noun, plural: fibroblasts
Cell of connective tissue that produces and secretes fibers (e.g. collagens, reticular and elastic fibers) and glycosaminoglycans (a ground substance constituent), and thus, functions in the maintenance of the extracellular matrix (especially during wound healing or tissue repair), and in providing a structural framework for many tissues
Fibroblasts are a biological cell that produces and secretes fibers (e.g. collagens, reticular and elastic fibers) and certain ground substance constituents (e.g. glycosaminoglycans). Thus, they are responsible for the production of the precursors and the maintenance of the extracellular matrix. Their secretions also provide structural framework for many biological tissues of animals.
In animals, the connective tissue is one of the major types of tissues and its main functions are to provide structural support and to connect tissues and organs. The fibroblasts are just one of the various cellular elements of the connective tissues. Other connective tissue cell types are adipocytes and blood cells (such as macrophages, mast cells, etc.). Nevertheless, the fibroblasts are regarded as the most common connective tissue cell type.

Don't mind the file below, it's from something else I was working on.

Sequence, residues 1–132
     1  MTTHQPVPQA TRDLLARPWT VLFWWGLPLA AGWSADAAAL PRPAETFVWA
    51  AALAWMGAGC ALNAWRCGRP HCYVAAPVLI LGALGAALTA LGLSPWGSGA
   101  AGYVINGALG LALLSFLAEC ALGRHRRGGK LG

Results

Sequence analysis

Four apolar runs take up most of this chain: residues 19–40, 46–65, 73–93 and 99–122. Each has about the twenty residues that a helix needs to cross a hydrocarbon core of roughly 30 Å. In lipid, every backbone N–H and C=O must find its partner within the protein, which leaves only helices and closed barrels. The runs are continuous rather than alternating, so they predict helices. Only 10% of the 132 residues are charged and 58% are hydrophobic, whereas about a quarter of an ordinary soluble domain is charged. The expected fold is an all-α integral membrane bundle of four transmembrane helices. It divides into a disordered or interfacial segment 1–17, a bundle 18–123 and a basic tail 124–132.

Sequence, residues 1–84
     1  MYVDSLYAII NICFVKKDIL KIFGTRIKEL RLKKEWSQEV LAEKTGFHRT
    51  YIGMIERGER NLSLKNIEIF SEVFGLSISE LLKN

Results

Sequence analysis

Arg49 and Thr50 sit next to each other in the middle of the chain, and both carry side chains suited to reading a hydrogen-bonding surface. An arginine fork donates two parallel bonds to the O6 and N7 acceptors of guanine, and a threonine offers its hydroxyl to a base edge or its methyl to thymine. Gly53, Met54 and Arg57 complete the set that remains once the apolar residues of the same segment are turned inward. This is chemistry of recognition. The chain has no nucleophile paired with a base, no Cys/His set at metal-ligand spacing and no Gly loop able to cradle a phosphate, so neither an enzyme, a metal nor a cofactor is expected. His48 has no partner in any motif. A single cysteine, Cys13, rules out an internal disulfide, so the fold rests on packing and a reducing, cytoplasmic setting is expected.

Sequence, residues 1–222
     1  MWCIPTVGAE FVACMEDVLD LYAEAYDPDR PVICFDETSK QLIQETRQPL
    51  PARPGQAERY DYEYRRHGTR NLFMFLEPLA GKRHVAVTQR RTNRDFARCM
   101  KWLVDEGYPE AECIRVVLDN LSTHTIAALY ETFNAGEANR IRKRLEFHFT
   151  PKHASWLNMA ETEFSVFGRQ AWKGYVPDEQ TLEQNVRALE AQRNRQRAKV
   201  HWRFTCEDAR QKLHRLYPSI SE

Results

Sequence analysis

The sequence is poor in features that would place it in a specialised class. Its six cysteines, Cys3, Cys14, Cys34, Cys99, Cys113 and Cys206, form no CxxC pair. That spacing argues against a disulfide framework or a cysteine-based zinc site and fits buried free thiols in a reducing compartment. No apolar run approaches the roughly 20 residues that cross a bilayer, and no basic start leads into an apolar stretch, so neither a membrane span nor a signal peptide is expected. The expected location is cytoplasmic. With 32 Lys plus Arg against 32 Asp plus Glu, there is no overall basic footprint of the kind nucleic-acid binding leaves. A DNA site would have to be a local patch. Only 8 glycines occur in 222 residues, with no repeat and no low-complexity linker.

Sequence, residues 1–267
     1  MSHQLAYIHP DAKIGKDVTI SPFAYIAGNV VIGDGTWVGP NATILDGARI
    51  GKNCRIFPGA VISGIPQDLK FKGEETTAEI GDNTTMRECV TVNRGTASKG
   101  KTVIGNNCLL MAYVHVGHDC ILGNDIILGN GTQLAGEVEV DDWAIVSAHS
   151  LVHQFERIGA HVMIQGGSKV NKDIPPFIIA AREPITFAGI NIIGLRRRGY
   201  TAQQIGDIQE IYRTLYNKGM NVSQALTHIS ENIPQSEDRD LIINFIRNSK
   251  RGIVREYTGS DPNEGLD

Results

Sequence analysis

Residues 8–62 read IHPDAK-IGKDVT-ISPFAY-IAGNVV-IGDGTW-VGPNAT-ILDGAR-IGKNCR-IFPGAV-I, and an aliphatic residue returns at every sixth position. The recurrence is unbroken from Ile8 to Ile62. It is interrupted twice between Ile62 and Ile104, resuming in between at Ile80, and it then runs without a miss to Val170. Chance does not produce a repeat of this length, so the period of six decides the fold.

The fibroblasts have different shapes. They can be stellate, fusiform, or spindle-shaped. In general, though, fibroblasts have branched cytoplasm and an elliptical nucleus with two or more nucleoli. Endoplasmic reticula are abundant in active fibroblasts. Metabolically inactive fibroblasts are referred to as fibrocytes.
Apart from maintaining the extracellular matrix, the fibroblasts are also involved in triggering inflammation and immune response. In the presence of invading microbes, they present receptors on their surface to initiate chemokine synthesis, which in turn, incites inflammation and immune response.
- connective tissue cell
- Gargoyle cell
- fibroblastic (adjective, of, pertaining to, relating to, characterized by, or resembling a fibroblast)